Anyone who deals with real estate should be aware of the various forms of real estate fraud that have taken place and evolved over the years. Fraud ranges from mortgage fraud to sellers who do not fully disclose information within the meaning of federal and state laws. Real estate transactions have always been a prime target of the unscrupulous because of the large amount of money and the number of sellers and individuals involved.
Today, technology has made real estate transactions as easy and convenient as never before. The whole process became less cumbersome in the digital age, but unfortunately in many ways no less prone to fraud. In fact, some would argue that digital real estate fraud is one of the industry’s biggest problems.
However, a relatively recent development can combat fraud in various ways. “Blockchain” may be a buzzword these days, but behind the hype is some truth. It may not be a panacea against real estate fraud. Certain applications of Blockchain can help protect buyers, sellers, and sellers alike.
Forms of Real Estate Fraud in the Digital Age
Most of us have been so comfortable with their digital devices and digital business that we may be abandoning our guards for online fraud. In the real estate industry, fraud can lead to more than just data loss or inconvenience. This can lead to the complete loss of a property or the loss of ten, if not hundreds of thousands of dollars.
The most common types of fraud concern:
- Property fraud in which real estate information or values are misrepresented.
- Fraud in the disclosure or presentation of income.
- Identity fraud where the buyer could misrepresent his credit rating or identity.
- Transaction fraud, which may include non-market transactions or straw buyers.
- Occupancy fraud, in which the secondary or primary occupancy of real estate can be misrepresented.
- Property debt fraud that does not disclose an earlier foreclosure or additional real estate debt.
Although these types of fraud are not necessarily new, in the digital age they have been exacerbated and supplemented by a variety of methods for cheating real estate on the Internet. These include phishing and malware attacks, escrow scams and more.
Phishing, in particular, has become problematic for real estate. Phishing is the place where a hacker acts as a legitimate provider in the real estate process. This often leads to their gaining access to confidential information, which can lead to fraud and even unauthorized transfer of funds. Before the activity was detected, the data was compromised and the money was often lost without recourse.
Many real estate professionals see Blockchain as the key solution to real estate fraud in the digital age. Blockchain technology is essentially a decentralized general ledger. The “blocks” contain the information and the “chain” is the network.
Each piece of information containing blocks contains data about a transaction, who are the participants in the transaction, and unique identification codes. Blocks can be added to the chain when a new transaction is performed and validated by other users. After verification, it is stored in the block and provided with an identification code called hash and added to the chain.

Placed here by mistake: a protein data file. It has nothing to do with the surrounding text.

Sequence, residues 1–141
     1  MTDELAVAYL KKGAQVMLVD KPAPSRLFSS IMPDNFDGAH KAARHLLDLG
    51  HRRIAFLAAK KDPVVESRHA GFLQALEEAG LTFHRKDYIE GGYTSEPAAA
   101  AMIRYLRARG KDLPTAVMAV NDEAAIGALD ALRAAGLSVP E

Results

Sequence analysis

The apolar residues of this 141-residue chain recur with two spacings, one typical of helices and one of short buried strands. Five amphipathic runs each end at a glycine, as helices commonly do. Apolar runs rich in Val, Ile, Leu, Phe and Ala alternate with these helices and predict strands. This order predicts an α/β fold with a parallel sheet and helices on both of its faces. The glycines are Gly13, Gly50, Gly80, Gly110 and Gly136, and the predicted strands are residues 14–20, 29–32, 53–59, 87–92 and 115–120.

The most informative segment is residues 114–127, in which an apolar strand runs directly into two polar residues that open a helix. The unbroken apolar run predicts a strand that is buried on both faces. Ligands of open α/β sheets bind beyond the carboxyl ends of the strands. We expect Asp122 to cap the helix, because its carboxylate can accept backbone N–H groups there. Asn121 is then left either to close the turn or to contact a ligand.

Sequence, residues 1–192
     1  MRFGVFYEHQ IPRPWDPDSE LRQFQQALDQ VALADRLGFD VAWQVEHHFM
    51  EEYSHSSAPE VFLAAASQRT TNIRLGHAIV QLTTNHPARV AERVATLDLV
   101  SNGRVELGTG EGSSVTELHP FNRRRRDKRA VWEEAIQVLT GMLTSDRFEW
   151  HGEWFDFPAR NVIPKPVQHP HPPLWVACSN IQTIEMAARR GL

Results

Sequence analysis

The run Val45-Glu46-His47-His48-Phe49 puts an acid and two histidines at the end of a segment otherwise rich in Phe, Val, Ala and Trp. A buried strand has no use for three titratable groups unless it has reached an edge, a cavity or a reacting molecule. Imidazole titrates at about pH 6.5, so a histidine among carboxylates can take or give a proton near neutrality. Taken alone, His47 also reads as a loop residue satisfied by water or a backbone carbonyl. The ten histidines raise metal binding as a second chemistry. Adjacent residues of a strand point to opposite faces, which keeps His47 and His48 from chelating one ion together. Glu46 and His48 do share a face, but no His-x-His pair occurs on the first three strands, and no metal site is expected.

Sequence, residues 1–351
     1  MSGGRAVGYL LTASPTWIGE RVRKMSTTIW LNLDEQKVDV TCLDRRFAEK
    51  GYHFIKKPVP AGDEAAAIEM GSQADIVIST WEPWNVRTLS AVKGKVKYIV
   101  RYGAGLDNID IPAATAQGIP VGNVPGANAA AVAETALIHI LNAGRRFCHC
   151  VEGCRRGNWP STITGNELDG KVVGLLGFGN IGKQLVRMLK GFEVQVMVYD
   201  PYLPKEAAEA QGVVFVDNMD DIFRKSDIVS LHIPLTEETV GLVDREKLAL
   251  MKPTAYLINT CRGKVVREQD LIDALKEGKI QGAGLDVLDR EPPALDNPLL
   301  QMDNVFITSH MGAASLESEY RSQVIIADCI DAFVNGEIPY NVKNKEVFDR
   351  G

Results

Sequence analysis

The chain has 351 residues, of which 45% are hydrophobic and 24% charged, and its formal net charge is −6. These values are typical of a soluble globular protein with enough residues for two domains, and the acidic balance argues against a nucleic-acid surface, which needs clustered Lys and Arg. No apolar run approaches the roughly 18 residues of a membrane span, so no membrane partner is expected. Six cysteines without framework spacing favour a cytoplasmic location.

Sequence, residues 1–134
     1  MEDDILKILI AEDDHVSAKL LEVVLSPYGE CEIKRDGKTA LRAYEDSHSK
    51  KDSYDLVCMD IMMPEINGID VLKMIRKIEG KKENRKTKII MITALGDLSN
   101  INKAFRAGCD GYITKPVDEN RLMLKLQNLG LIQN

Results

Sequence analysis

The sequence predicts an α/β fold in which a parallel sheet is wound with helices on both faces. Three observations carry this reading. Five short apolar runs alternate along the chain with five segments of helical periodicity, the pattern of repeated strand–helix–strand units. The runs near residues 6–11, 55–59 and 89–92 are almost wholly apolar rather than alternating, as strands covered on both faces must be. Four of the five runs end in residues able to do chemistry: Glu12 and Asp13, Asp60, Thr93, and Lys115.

This means that in order to “cheat” the system, a hacker must access every block along the chain involving tens of thousands of computers. The goal of the blockchain is not to allow editing of blocks, but to validate the transaction within the block. This offers its safe nature.
How can blockchain reduce real estate fraud?
Since much of the information associated with real estate transactions is centralized, it can lead to fraud. Blockchain decentralizes this information. Its unique structure creates transparency and at the same time building security. The security that has made it a niche platform for currencies also makes it a fascinating real estate platform. Even some of the costly financial intermediaries can be removed along the way.
In the mortgage process, for example, the blockchain can serve as a common ledger to create the different parts of a mortgage. Since the data and documents involved in the mortgage are each encrypted in the blockchain, they are much safer. The process can also be accelerated. If those involved in a real estate transaction agree to permanently record parts of this transaction in blockchain security, that coordination will result in a higher level of security that was previously unavailable.
Blockchain is able to provide an indisputable source of real estate data, increasing the trust of stakeholders. While the blockchain is still in its infancy, it has undergone various applications and industries. In each step the product development is documented and validated. It does not take much to identify the value and security that this can mean for the real estate process. In the meantime, due diligence must be carried out at each step and each transaction must be double validated. Do not accept e-mail statements at face value, as they should be verified by a personal or at least telephone confirmation.
Only time will tell how and when blockchain-based solutions are implemented in a variety of industries. But one thing is for sure: if the reality of this technology is only a fraction of the hype, it will at least have a significant impact.